AMES, Iowa — At-home electronic repair could soon become easier if a new liquid solder developed at Iowa State University hits the market.
ISU Researchers Martin Thuo, Ian Tevis, and Jiaho Chen have developed a liquid solder, which requires no heat.
The group has developed a patent for the tiny particles of liquid encased in an outer shell.
“It’s like having a balloon full of water so when you punch that balloon the water flows,” said Thuo. “The same thing with our particle layer holds liquid metal as a balloon.”
The researchers received a $225,000 National Science Foundation grant and a matching $25,000 grant from Iowa Innovation Core. They have formed a company called SAFI-Tech to market the idea.
“SAFI tech is a member of the first cohort of the ISU startup factory run out of the economic development office here,” said Tevis, who is the Chief Financial Officer at SAFI-Tech. “It’s one of the new economic development core facility off University, actually on Collaboration Place which is the name of the road.”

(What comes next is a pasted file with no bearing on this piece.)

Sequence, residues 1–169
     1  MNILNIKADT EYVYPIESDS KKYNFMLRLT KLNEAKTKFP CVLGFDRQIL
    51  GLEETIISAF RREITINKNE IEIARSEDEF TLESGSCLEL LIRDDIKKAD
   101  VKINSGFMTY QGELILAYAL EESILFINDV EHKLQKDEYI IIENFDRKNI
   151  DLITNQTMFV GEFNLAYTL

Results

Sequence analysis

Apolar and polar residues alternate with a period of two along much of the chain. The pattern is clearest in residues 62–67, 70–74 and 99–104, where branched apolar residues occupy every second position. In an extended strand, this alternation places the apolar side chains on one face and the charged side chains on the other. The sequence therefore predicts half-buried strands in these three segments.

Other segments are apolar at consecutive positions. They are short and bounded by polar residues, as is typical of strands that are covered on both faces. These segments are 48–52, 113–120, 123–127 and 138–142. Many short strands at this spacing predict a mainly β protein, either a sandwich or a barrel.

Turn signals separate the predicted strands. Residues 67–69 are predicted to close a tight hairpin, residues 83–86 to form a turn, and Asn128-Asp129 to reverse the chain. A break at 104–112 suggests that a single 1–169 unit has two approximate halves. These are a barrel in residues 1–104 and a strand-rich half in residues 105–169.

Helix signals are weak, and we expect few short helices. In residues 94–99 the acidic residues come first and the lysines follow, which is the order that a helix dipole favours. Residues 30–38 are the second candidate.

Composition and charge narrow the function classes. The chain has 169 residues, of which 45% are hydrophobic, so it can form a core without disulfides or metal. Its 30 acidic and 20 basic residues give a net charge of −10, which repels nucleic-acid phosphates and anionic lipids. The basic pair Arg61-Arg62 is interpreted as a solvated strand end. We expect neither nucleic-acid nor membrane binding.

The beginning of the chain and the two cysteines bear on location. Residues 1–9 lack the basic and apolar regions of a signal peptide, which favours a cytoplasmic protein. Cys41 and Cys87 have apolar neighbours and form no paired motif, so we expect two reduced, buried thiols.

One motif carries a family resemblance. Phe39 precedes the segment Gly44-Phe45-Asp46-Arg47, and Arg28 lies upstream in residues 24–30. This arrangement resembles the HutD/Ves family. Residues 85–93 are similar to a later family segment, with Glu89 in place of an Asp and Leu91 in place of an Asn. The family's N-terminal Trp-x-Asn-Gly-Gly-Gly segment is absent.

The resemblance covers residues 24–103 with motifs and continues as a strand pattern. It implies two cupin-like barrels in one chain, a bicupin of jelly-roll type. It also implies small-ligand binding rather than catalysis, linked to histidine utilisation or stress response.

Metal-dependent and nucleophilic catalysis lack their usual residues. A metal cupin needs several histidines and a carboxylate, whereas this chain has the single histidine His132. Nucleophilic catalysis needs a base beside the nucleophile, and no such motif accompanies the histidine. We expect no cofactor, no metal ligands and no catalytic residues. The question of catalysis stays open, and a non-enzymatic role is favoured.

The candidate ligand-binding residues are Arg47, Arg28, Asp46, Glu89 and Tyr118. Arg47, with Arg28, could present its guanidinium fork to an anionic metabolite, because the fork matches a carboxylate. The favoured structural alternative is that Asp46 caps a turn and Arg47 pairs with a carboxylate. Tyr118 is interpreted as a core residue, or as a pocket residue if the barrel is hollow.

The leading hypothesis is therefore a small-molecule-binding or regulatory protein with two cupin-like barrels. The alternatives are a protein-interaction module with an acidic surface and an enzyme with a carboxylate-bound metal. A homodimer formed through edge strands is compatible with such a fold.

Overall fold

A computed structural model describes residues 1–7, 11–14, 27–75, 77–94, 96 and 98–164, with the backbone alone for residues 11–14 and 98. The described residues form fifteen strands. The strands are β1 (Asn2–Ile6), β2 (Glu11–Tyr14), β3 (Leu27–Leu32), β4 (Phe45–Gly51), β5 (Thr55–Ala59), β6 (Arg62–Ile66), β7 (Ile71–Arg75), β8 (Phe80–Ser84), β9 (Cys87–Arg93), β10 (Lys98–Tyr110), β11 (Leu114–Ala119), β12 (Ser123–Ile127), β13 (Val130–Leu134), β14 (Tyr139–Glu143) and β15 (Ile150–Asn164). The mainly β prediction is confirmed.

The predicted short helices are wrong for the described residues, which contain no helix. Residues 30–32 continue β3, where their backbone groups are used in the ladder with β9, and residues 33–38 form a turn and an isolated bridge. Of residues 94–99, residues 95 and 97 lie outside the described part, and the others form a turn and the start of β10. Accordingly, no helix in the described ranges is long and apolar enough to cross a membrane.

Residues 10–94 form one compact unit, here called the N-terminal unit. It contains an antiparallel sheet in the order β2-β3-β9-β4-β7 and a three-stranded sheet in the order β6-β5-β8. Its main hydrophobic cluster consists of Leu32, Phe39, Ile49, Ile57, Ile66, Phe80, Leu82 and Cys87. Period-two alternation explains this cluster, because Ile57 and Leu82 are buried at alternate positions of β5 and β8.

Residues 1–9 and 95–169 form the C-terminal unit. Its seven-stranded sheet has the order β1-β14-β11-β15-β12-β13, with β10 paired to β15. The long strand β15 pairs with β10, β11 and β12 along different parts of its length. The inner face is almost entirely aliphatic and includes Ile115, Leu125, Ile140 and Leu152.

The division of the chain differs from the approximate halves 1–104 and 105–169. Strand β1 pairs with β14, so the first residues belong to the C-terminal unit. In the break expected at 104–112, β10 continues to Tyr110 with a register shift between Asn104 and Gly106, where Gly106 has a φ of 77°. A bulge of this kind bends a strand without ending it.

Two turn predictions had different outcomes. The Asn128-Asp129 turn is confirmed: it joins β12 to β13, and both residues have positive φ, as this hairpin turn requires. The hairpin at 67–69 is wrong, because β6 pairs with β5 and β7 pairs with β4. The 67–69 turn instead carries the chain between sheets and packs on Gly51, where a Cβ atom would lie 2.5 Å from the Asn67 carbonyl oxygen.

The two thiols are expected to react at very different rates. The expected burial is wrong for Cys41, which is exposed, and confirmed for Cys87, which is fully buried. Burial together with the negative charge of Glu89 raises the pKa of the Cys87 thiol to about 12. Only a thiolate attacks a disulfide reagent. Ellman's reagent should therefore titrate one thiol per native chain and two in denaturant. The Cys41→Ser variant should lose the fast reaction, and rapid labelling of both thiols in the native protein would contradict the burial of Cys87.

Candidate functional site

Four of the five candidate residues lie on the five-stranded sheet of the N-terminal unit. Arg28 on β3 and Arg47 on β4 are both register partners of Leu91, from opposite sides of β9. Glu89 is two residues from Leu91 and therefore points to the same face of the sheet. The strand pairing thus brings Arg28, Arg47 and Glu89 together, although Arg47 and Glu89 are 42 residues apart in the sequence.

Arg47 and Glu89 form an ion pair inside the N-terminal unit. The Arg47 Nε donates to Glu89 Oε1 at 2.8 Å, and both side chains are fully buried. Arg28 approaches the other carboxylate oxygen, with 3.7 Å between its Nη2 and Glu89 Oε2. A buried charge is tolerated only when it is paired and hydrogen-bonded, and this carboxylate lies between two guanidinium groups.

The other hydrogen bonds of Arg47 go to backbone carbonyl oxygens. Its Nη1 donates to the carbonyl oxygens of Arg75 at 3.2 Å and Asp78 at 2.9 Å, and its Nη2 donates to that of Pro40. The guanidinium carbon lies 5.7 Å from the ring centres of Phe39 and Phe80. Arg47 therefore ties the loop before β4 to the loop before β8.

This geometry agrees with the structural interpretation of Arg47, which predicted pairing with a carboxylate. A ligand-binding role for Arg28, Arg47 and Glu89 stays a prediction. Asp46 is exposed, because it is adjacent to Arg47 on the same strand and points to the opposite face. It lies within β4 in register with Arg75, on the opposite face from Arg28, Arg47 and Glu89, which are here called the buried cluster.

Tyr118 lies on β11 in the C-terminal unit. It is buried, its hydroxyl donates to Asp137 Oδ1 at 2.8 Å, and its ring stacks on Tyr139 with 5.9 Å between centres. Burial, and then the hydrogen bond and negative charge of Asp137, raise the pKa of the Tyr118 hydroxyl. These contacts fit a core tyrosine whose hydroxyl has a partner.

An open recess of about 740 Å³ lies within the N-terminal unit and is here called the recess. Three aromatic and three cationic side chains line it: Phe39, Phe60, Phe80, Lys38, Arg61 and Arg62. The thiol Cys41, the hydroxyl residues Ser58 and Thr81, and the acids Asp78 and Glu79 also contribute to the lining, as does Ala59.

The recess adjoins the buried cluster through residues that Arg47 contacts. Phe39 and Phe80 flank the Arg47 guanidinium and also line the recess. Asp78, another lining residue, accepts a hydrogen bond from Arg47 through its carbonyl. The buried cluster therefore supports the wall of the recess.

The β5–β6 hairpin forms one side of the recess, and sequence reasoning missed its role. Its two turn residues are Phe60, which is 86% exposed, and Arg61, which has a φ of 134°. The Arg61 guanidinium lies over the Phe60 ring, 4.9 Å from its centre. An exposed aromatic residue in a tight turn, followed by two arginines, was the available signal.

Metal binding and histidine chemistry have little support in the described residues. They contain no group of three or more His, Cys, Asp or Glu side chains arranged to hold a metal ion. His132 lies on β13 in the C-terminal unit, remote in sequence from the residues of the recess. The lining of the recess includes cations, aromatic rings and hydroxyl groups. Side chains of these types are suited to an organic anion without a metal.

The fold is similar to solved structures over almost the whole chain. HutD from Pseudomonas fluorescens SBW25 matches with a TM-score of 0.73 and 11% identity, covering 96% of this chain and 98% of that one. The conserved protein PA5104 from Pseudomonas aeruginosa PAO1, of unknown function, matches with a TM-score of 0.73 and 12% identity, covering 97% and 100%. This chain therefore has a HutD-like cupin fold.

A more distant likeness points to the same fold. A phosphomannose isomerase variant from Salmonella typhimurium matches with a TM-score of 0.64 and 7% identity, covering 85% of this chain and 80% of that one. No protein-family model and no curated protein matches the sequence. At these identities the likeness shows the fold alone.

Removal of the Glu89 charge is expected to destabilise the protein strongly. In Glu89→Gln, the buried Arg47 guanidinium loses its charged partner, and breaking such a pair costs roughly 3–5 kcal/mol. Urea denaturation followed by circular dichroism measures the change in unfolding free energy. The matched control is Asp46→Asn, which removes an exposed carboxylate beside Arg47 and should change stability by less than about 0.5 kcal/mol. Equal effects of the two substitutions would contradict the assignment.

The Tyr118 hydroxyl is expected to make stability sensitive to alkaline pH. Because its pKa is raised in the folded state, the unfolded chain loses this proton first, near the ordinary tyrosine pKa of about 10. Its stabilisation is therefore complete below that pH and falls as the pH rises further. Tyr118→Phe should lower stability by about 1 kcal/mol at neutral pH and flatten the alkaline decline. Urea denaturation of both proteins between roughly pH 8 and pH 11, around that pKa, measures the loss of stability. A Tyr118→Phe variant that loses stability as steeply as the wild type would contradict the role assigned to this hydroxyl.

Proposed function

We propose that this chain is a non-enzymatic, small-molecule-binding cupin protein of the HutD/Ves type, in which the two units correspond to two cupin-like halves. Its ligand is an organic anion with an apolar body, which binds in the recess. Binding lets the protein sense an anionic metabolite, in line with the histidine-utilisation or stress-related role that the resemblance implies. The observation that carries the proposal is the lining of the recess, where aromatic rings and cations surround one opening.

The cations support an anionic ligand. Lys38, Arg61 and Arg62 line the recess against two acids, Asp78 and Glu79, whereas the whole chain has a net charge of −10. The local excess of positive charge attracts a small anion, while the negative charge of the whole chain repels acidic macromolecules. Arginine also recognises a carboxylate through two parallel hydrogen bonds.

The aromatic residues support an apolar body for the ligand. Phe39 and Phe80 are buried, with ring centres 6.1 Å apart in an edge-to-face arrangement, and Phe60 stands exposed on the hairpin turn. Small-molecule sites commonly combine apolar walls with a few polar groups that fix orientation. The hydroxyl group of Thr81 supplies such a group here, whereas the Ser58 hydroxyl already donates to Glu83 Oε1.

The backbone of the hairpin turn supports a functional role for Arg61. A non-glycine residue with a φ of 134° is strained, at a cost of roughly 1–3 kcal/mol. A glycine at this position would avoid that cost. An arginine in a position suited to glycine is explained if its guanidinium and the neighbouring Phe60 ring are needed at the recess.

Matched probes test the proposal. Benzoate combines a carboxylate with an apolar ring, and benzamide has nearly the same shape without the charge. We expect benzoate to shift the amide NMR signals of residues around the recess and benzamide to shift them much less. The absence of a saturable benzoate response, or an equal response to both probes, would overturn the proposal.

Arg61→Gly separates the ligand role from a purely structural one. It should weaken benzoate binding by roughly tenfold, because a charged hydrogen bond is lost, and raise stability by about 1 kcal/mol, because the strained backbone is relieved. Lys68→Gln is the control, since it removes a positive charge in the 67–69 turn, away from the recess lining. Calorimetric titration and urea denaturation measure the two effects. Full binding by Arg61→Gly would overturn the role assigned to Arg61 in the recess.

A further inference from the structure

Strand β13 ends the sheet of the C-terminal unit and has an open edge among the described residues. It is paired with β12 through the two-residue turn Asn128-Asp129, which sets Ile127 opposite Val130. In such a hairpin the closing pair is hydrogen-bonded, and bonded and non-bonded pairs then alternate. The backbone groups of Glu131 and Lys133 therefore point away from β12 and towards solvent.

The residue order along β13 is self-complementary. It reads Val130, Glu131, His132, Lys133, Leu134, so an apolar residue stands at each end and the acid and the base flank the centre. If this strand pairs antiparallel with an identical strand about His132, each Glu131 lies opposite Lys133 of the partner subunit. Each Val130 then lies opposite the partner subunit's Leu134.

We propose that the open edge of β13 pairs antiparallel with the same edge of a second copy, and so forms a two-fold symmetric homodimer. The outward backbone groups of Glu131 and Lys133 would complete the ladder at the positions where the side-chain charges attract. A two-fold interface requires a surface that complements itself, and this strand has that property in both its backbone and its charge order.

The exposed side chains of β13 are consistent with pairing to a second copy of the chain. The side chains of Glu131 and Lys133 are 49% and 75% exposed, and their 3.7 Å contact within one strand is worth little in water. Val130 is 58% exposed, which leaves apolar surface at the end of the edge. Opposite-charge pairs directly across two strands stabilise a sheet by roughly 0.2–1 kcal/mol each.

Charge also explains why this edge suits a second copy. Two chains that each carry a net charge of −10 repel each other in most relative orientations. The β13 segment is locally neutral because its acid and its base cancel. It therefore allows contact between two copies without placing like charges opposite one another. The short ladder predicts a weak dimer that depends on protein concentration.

Tevis said they plan to do demos of the new solder at Trade Shows, and it may take a couple more years for the product to hit the retail markets.
The group says it could be used in-home repair or in mass production of electronics.
For more information on SAFI-Tech, click here.